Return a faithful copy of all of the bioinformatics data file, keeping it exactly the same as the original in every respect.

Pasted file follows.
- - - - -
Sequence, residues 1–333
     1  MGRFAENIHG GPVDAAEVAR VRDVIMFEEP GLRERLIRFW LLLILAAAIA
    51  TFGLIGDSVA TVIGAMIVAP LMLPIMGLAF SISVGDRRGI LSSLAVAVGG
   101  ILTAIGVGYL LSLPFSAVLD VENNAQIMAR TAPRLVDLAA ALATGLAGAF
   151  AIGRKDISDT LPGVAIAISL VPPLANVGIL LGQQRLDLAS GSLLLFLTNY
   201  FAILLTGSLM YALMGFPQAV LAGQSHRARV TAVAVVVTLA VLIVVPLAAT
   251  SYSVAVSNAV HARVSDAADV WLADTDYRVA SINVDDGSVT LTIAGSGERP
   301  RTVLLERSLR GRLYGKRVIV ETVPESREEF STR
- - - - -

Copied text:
Sequence, residues 1–333
     1  MGRFAENIHG GPVDAAEVAR VRDVIMFEEP GLRERLIRFW LLLILAAAIA
    51  TFGLIGDSVA TVIGAMIVAP LMLPIMGLAF SISVGDRRGI LSSLAVAVGG
   101  ILTAIGVGYL LSLPFSAVLD VENNAQIMAR TAPRLVDLAA ALATGLAGAF
   151  AIGRKDISDT LPGVAIAISL VPPLANVGIL LGQQRLDLAS GSLLLFLTNY
   201  FAILLTGSLM YALMGFPQAV LAGQSHRARV TAVAVVVTLA VLIVVPLAAT
   251  SYSVAVSNAV HARVSDAADV WLADTDYRVA SINVDDGSVT LTIAGSGERP
   301  RTVLLERSLR GRLYGKRVIV ETVPESREEF STR